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Fiona Mozley: Elmet

Elmet was a Brittonic kingdom, located in what is now roughly the West Riding of Yorkshire, existing between about the 5th century and early 7th century. This novel is set in modern times but is located in the area occupied by Elmet and Mozley may well be comparing the rough times then to the rough times now. The novel can be seen as having three acts, like a Greek tragedy.

The first act is, of course, the set-up. We follow Daniel (the narrator) and Cathy Oliver (they have their mother’s surname) and their father, John Smythe. The children had lived with Granny Morley, by the sea, and grown up under her care. Both their parents would come and go (separately). John was a bare knuckle fighter and a very successful one. He made his money from that and also doing other jobs where brawn rather than brain was necessary. Their mother, who is not named, seemed to have mental health issues. She would disappear and return, looking remarkably thin, and take to her bed. One day she left. Granny Morley received a phone call and told the children that she would be not returning ever again.

Two key events happen while they are living with Granny Morley. Firstly, when the children are harassed by a group of boys, it is Cathy (albeit the older) who deals with them and they cease harassing her and Daniel at school after that. The second event is the death of Granny Morley.

Following Granny Morley’s death, John decides to become a full-time father and the three of them move to a lonely hilltop somewhere in West Yorkshire. John sets about building a house for them, while they shelter temporarily under a tarpaulin fixed to two decommissioned army vans. The family keep themselves to themselves, though John seems to have contacts in the village. The children play in the nearby woods and Daniel tends to do the gardening, housework and cooking. Their diet seems to be mainly meat-based, as John hunts for their food, till Daniel insists on vegetables, which he grows and which John also buys. John sets them up with Vivien, an older lady who lives nearby, and it is she who nominally educates them. Initially, both go along with the idea but Cathy soon gets bored and she disappears, to go roving on her own, while Daniel dutifully and willingly stays behind and studies the books Vivien gives him, though the education seems somewhat less than formal.

John does seem to have been helping people in the village but we are unclear on other details of his life, till we move onto the second act. One day, the family gets a visit from Mr. Price. Mr. Price is a local landowner, a former employer of John (as a debt collector) and the owner of a large number of rented properties in the village, where he charges extortionate rents and does no maintenance or repair work to the properties. Anyone who complains soon finds that they are getting a visit from Price’s thugs. Price claims that the land on which John has built the house belongs to him. He is happy to let John stay there, providing that he come back to work for him. John declines. Indeed, he decides to organise resistance to Price and his fellow landlords and employers of farm labourers. Naturally the landlords/farmers do not take kindly to his.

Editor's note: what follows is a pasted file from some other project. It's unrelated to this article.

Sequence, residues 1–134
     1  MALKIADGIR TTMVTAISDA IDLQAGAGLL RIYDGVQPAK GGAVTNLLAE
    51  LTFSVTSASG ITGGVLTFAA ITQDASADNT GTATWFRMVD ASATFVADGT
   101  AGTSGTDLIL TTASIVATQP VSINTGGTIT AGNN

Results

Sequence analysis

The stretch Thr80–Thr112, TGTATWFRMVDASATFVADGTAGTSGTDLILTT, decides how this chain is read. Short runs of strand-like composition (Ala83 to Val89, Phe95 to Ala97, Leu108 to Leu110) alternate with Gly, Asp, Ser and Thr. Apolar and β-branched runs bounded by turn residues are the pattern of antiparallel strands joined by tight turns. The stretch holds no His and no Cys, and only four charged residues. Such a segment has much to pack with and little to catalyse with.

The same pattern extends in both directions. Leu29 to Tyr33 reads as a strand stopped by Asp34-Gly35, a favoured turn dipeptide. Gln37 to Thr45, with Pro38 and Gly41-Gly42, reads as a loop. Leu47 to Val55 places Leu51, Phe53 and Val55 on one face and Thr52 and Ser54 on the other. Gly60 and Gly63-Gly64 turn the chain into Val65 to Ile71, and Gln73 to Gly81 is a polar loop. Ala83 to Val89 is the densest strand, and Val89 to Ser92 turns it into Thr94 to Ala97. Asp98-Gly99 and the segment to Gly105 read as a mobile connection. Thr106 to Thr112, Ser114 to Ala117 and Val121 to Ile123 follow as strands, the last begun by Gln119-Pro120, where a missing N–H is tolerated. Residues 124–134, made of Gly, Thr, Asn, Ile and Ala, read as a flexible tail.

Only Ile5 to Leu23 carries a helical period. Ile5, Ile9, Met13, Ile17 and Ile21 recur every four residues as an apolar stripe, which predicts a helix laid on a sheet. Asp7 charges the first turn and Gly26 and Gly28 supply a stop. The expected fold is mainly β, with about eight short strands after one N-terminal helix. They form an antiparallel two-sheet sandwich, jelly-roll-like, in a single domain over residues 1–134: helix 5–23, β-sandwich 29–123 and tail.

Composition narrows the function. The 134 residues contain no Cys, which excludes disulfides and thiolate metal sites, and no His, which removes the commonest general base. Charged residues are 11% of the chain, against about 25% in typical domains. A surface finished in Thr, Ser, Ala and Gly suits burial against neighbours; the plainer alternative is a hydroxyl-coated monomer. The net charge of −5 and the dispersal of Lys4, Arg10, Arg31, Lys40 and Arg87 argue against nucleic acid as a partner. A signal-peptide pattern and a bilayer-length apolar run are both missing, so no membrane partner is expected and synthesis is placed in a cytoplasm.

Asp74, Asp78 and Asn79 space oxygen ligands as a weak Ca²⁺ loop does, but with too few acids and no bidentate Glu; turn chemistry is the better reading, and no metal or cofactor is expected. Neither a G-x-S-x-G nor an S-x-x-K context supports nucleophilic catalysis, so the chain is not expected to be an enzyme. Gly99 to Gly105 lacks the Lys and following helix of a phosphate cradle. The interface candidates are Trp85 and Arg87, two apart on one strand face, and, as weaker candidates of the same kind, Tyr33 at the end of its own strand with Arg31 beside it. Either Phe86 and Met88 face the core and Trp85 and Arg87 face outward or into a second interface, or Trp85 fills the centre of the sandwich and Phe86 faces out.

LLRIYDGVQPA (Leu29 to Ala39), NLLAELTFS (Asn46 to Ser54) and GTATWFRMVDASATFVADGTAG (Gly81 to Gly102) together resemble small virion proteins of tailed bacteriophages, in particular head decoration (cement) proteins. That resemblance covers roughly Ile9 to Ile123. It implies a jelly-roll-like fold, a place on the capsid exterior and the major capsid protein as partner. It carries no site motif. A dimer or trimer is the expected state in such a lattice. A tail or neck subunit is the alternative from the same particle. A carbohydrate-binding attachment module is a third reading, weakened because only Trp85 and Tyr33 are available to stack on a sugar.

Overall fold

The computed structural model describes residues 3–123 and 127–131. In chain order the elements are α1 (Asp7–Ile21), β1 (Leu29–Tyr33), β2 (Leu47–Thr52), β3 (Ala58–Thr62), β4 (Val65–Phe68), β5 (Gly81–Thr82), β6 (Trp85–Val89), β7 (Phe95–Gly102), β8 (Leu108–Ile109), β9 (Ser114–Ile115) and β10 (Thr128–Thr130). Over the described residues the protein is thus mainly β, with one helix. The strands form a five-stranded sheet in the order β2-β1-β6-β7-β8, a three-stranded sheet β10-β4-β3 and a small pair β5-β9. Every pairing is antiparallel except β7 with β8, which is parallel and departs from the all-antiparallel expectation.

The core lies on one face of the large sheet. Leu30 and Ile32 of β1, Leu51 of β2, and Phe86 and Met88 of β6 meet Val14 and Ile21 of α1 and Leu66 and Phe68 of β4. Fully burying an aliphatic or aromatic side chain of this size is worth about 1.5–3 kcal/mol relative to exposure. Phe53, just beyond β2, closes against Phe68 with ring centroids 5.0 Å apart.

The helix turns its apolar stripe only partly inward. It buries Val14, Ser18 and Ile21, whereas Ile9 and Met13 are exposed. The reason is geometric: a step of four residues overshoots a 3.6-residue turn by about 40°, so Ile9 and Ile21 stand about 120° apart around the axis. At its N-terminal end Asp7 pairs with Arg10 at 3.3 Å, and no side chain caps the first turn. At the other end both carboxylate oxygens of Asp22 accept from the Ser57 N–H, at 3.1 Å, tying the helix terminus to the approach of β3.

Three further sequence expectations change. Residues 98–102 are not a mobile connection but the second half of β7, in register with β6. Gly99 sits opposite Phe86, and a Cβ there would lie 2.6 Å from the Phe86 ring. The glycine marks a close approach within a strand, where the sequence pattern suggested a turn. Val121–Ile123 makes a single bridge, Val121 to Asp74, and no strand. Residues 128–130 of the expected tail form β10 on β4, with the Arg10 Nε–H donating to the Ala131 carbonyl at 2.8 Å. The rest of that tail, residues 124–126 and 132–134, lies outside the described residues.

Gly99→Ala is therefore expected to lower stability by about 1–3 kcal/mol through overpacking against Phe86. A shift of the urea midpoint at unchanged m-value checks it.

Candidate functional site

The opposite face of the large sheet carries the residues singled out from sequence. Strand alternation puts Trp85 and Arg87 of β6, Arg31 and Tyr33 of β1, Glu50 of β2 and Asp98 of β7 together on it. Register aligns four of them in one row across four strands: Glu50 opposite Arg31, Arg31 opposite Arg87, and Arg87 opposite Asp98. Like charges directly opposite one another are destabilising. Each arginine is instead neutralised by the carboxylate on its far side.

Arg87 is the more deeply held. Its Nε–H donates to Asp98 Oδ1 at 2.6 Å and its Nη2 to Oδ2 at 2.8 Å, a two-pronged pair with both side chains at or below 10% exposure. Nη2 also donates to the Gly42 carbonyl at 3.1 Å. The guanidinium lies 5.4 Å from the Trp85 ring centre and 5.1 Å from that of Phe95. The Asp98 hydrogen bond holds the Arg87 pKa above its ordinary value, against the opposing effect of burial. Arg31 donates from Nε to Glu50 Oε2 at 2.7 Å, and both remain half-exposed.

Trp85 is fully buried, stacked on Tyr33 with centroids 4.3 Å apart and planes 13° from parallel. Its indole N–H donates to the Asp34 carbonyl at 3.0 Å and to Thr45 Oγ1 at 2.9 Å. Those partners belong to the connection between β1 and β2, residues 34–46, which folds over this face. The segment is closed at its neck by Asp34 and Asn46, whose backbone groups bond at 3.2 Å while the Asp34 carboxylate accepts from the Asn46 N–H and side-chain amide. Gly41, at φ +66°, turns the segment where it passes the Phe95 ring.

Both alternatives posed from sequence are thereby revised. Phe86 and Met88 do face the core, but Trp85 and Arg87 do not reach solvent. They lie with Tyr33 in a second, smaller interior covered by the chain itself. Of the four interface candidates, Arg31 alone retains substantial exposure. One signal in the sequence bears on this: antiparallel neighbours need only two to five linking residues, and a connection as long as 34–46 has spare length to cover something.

However, what makes this book and what undoubtedly put it on the Man Booker longlist is the third act. The book completely changes tone and we have what can only be described as an explosive ending. We have had an idea from the beginning that something is going to happen as, interspersed with the main story, are small chapters, written in italics, which show Daniel fleeing the area. We do not know why, where he is going (except, vaguely, North) or what has happened to his father and sister.

This really is a superb début novel and deserving of being on the Man Booker longlist. (I must admit that, at the time of writing, I have only read one of the other longlisted books but hope to get to a few more). The first two acts, showing a man and his family who choose to live outside the system and can do so because of John’s strength, are superbly written. Interestingly, though the narrator is the boy, Daniel, it is the girl, Cathy, who comes across as the tough character, though we only see her through Daniel’s (adoring) eyes. She is in touch with nature, well able to fend for herself and not in the slightest interested in the intellectual world, unlike her brother. I have no idea whether Mozley had Cathy Earnshaw in mind when writing this book but there are some similarities, if only the tough Yorkshire grit.

However, it is the explosive ending that makes this book. It left me stunned in a way that I am not often stunned when reading a book and clearly showed that Mozley had been determined to end the book not with a whimper but a bang and she does it superbly. I do not expect it will win the Man Booker Prize but I would certainly not be disappointed if it does as it is a thoroughly original work and a first-class début novel.

Publishing history

First published 2017 by John Murray